Recent Presidential proclamations will significantly reduce protected land at the Bears Ears and Grand Staircase-Escalante National Monuments in Utah. The monuments were so designated by previous administrations under the Antiquities Act, a law designed to protect sacred sites, artifacts, and features of natural, cultural, or historical value. Five tribes – the Navajo, Hopi, Zuni Pueblo, Ute and Ute Mountain Indians – fought to create the Bears Ears Monument which, under the current proclamation, would be reduced by 80 percent. They are now united in opposition to the government’s intent to alter the monument, and have petitioned the courts to retain its protected status and preserve the remote area from further economic development.
Throughout American history Native Americans have struggled to protect their people, land, and way of life against the advancement of civilization. The Plains Indian tribes in 1867 gathered at Medicine Lodge Creek to participate in peace talks in the hopes of negotiating a “fair” settlement with the United States government.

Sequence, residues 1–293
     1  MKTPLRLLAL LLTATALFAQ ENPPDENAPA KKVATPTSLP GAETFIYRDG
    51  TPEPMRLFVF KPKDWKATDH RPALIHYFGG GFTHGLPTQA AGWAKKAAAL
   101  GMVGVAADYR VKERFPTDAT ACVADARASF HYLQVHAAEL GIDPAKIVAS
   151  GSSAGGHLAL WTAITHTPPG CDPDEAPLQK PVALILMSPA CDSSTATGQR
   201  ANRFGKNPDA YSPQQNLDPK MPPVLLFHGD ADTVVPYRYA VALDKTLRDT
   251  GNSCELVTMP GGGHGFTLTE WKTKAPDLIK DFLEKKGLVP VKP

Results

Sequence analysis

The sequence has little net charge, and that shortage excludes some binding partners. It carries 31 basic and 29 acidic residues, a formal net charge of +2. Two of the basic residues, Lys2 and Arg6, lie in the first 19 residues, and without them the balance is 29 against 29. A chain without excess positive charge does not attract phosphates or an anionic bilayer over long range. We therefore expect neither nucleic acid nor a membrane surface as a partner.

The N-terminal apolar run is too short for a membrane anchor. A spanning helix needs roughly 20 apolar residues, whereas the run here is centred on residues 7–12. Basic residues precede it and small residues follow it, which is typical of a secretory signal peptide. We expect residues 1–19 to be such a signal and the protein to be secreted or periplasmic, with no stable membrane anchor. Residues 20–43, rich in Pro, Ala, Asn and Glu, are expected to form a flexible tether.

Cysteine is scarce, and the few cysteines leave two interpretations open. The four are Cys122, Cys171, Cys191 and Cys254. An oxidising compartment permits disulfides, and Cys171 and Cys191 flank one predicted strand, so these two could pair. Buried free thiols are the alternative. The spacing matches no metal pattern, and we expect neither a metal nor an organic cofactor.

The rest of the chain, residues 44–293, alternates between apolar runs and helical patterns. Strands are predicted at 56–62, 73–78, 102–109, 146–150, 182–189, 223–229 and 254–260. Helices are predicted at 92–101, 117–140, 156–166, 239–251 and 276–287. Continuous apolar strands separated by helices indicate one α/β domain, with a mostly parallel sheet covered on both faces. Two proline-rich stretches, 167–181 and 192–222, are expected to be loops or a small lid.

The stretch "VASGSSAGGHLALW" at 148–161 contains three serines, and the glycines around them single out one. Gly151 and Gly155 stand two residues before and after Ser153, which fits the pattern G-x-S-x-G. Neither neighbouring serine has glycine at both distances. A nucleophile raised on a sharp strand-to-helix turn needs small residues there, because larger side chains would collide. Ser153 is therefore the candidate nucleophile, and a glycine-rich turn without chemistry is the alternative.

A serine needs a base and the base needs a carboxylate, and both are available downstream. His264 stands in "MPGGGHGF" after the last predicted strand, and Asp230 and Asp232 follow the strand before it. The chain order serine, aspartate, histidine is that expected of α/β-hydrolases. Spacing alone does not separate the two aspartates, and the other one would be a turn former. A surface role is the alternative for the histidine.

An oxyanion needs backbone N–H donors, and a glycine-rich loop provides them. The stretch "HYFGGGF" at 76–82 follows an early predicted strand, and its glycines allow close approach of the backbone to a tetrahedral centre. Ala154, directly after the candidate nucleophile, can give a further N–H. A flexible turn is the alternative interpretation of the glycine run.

The Medicine Lodge discussions began with high expectations on October 19, 1867. The Indians’ hopes for a fair settlement; however, would soon be shattered. Under the terms of the ensuing treaties (there would be three in all) the Kiowa, the Apache, and the Comanche were required to give up more than 60,000 square miles of their land in the Texas Panhandle in exchange for a reservation in Indian Territory (Oklahoma) that would be situated between the North Fork of the Red River and the North Canadian River. – excerpt from Palo Duro.
In February of this year the Standing Rock Sioux failed in their efforts to block the Dakota Access Pipeline. Though the outcome of the current confrontation over tribal and federal claims to the land in Utah has yet to be decided, as previously stated in this blog (Standing Rock, 03/01/17) Indians historically have not fared well in disputes with the federal government.